MINNEAPOLIS (WCCO) -- The one thing you can't get when you shop online is instant gratification.
Now the gratification is getting closer to instant. Wal-Mart is testing same-day delivery in four markets around the country, including Minneapolis/St. Paul, the home of its rival, Target.
But how do retailers make same-day delivery work? And if delivery is that quick and easy, will it be the future of online retailing?
"The vision is to combine the assets of a national footprint of stores with our digital capabilities," said Ravi Jariwala, Wal-Mart Public Relations director.
Wal-Mart started the test last week, according to Jariwala, and launched in the Twin Cities on Oct. 9. It's a beta-test for the holiday season, a time of year when about 50 percent of America will buy gifts on the Internet.
Wal-Mart has been testing a same-day delivery service of groceries in San Jose, Calif., and San Francisco, but it's never tried doing it with general items.
"It allows customers to shop online for general merchandise, electronics, toys, sporting goods, other gifts – trying to do merchandise that's giftable," Jariwala said.
The service is called Walmart To Go , customers order by noon, and get to select a two-hour delivery window that evening. It costs $10 for an unlimited number of items, and there is no minimum order.
How are they doing it?
"We're using local Wal-Mart stores to fulfill orders, they're forward-deployed fulfillment centers," Jariwala said.
Instead of having to fight to build new warehouses and distribution centers, Wal-Mart will use its network of 4,000 stores as that warehouse.
"Very smart move this holiday," said Laurie Langerud, a retail strategist for Go East, a St. Paul consulting firm that works with retailers and brands.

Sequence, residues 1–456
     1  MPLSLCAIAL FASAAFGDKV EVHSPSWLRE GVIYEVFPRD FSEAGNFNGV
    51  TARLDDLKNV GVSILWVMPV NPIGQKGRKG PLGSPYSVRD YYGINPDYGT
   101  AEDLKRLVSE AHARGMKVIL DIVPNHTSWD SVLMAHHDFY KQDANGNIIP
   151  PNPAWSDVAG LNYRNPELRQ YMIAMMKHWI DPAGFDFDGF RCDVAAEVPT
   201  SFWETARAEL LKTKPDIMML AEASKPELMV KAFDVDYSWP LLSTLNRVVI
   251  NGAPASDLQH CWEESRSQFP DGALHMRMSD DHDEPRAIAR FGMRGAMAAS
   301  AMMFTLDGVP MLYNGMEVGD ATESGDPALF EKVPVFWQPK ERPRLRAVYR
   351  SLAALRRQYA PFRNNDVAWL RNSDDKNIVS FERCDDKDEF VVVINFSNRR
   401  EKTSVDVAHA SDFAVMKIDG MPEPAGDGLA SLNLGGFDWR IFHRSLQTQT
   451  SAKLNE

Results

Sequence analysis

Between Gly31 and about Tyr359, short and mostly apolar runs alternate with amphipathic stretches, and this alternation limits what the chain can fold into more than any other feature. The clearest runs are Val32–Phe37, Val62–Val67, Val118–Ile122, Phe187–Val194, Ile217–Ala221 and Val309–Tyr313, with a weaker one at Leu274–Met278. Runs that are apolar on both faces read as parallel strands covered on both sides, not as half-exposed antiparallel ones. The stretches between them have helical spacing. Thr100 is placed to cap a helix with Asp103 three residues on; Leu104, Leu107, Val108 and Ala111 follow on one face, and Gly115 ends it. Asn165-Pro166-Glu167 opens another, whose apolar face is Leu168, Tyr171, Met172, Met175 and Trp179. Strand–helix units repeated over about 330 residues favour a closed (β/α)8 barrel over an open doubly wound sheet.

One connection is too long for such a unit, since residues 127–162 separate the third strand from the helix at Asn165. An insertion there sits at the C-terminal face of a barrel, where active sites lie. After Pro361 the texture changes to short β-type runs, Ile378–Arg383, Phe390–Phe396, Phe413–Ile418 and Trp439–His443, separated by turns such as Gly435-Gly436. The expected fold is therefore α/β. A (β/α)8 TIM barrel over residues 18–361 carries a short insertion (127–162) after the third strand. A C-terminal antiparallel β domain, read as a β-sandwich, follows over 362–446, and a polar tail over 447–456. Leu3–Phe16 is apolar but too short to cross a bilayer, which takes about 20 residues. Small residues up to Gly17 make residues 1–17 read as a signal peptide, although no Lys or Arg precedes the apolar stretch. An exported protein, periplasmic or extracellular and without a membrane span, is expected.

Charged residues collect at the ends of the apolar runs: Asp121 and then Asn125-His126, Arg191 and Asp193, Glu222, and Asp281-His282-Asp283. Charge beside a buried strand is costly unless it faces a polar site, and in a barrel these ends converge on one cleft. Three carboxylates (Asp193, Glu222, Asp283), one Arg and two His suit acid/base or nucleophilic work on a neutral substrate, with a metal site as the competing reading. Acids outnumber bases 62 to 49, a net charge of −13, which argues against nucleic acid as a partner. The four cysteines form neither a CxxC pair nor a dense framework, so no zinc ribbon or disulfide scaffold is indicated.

According to Wal-Mart, "nearly half of online sales are picked up at stores now," said Jariwala.
It's not much of a stretch to have those items shipped directly from the store to the house.
"They have 4,000 stores that are within 5 miles of 90 percent of Americans in the US. That makes same-day delivery somewhat simple for Wal-Mart," Langerud said.
Two-day delivery is very common online, but same-day is seen by many analysts as the next frontier.
"I think we really want it. Trends show we are increasingly shopping online, so why would we not want our stuff delivered the same day?" said David Erickson, digital strategist at Tunheim.
"I think it definitely threatens regular stores; anything that makes it easier to shop online will threaten bricks and mortar stores. The one thing they have had going for them that online shops can't replicate is instant gratification," he said.
The logistical challenges for accomplishing same-day shipping has always been an issue for retailers. The cost for consumers is also an issue.
"Paying $10 doesn't sound like the typical Wal-Mart shopper?" asked WCCO reporter Jason DeRusha.
"It isn't. I think they want to go after the affluent shopper that Target already has," said Jill Nicholson, digital strategist for Go East. "We're all so busy and jammed. That same day delivery is convenient."
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